It’s something that has been discussed for the past several years – a remake of Sam Raimi’s classic horror film The Evil Dead. But the past 36 hours have seen a flurry of news culminating with the remake actually happening.
On Monday, Dread Central reported from an unnamed source that Raimi’s long-time editor Bob Murawski (Army Of Darkness, Spider-Man, Drag Me To Hell) was heading to Detroit to begin work on an Evil Dead film which was being described as “a small indie thing like the first two.”
This of course lead to loads of speculation. Was it the possible remake or was it a new installment in the series? But rather than just speculate, one fan on twitter took the question to the star of the original film, Bruce Campbell. The fan favorite cult actor had joined twitter last week and late Monday had this exchange –
Campbell should know. Not only was he the star of the original Evil Dead films, he served as a producer on them, so he would be in the loop on any potential remake.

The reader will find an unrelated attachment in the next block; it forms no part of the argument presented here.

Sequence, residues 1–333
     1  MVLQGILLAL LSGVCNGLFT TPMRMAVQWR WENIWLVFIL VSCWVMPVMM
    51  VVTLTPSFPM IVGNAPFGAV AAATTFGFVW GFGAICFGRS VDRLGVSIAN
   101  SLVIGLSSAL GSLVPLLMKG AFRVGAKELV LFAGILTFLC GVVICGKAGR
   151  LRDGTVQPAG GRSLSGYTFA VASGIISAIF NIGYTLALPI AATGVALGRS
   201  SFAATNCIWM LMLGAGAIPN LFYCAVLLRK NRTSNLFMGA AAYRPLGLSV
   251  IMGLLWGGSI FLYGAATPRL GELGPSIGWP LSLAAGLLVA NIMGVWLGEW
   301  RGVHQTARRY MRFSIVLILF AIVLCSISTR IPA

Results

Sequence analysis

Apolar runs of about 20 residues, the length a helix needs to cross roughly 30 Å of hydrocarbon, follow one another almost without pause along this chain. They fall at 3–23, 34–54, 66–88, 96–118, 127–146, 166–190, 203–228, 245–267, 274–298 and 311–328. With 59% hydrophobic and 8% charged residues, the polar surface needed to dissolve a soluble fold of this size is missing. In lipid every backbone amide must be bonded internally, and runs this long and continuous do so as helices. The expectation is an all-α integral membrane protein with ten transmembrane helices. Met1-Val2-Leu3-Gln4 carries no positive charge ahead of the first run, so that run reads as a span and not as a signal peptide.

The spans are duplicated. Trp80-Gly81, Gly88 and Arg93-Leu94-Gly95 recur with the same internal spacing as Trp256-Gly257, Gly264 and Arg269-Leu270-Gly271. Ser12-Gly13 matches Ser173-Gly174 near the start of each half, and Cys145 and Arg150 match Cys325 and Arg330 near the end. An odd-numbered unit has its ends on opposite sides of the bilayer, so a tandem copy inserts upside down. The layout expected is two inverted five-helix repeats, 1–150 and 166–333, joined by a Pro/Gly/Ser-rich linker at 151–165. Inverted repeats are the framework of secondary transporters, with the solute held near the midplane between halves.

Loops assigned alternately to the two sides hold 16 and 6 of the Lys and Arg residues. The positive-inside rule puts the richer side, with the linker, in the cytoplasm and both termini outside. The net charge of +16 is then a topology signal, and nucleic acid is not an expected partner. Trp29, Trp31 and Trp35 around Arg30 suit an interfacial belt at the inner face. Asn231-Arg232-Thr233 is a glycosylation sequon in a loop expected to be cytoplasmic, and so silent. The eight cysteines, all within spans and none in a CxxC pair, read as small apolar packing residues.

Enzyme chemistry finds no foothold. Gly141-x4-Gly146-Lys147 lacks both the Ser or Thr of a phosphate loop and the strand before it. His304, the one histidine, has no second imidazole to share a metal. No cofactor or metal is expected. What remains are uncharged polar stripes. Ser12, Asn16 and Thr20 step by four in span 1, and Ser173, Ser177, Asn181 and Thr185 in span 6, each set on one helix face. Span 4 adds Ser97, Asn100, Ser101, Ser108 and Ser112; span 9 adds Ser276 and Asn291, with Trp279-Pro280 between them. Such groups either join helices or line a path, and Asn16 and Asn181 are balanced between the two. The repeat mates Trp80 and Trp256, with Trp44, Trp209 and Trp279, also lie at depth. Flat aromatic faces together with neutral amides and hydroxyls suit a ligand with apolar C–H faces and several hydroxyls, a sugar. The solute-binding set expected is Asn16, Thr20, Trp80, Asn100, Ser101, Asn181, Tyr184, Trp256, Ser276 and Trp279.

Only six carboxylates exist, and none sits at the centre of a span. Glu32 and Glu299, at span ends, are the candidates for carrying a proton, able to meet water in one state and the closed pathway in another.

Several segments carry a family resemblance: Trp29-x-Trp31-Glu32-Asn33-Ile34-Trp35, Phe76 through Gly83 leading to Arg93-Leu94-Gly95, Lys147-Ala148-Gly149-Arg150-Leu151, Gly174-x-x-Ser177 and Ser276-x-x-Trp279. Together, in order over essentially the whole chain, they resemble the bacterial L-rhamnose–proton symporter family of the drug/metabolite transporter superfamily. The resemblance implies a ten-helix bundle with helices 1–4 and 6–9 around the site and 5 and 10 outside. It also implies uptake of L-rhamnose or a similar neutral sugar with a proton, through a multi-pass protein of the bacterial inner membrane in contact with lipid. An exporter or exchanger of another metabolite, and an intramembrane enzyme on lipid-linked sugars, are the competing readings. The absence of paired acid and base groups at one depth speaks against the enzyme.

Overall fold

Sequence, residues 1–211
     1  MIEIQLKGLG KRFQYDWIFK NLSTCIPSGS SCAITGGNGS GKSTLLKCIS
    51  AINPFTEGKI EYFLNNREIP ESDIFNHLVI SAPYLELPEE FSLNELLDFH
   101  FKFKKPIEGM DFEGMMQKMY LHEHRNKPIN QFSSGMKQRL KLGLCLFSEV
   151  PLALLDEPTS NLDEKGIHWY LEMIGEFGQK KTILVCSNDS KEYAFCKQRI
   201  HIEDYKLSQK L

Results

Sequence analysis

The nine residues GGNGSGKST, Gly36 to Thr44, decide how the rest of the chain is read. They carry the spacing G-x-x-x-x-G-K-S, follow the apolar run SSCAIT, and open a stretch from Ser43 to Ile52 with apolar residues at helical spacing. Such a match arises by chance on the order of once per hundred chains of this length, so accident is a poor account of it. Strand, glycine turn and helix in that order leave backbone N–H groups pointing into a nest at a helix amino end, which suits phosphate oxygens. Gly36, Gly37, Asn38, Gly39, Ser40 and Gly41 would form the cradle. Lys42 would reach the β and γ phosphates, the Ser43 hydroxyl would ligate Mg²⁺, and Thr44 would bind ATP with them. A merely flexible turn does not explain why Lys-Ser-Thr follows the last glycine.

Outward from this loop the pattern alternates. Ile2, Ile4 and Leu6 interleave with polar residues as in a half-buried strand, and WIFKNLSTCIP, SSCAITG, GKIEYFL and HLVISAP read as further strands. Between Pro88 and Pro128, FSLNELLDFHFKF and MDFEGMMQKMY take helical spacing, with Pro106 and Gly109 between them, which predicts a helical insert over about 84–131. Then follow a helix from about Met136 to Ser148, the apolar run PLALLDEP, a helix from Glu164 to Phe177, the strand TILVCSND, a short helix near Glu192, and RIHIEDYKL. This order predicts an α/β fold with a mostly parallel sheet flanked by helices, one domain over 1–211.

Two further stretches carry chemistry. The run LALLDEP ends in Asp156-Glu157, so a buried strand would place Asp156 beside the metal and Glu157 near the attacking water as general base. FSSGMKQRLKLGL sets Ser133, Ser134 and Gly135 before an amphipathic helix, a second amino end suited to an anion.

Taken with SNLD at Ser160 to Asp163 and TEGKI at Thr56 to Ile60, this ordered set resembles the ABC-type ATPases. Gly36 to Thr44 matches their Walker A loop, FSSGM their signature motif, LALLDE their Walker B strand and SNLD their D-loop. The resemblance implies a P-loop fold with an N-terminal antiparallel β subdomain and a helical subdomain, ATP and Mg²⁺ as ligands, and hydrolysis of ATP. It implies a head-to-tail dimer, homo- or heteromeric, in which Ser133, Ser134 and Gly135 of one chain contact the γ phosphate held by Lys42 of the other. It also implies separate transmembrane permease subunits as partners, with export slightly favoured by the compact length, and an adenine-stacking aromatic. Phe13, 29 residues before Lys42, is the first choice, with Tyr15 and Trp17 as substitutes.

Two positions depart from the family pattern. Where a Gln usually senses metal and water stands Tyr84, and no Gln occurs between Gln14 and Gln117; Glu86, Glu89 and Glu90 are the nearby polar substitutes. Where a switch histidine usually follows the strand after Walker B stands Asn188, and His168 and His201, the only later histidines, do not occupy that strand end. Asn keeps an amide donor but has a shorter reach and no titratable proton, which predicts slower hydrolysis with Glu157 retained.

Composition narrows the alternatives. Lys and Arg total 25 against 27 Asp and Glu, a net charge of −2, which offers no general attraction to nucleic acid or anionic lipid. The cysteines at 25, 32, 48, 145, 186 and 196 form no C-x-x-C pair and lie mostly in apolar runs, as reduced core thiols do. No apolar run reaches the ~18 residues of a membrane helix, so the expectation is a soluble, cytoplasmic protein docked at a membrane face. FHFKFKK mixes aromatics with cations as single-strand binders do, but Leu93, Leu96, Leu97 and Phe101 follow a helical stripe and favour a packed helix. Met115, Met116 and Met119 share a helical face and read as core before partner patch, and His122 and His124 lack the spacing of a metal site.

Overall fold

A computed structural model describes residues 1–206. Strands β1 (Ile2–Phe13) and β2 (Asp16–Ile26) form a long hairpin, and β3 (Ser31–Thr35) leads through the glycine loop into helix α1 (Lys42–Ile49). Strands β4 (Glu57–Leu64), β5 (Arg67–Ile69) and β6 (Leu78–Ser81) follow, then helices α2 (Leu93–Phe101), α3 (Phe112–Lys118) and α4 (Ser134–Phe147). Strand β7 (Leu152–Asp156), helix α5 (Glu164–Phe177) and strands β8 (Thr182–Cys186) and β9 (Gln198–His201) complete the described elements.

The folks over at Bloody Disgusting added to the story yesterday by quoting their own source as saying that Federico Alvarez will be making his feature film debut by directing an Evil Dead remake. The film is being produced by Raimi’s Ghost House Pictures and Mandate and casting may be underway. It is being theorized that Raimi may want to get the film through production before moving off to direct Oz: The Great And Powerful for Disney later this year.
While going with an unknown director may seem like an odd choice to some, but Raimi himself was a first time feature director when he made the first Evil Dead so it doesn’t strike me as an out-of-left field decision. If you’re still unsure about Alvarez, check out this short film, Panic Attack, that the director made in 2009. Some may deride it as nothing more than a promo reel to show how he can handle special effects, but I think he does a good job at setting mood with it as well. Plus, he references a famous shot from Sergei Eisenstein’ Battleship Potemkin, so it appears that he has a bit more knowledge on the history of cinema than I would credit most other directors.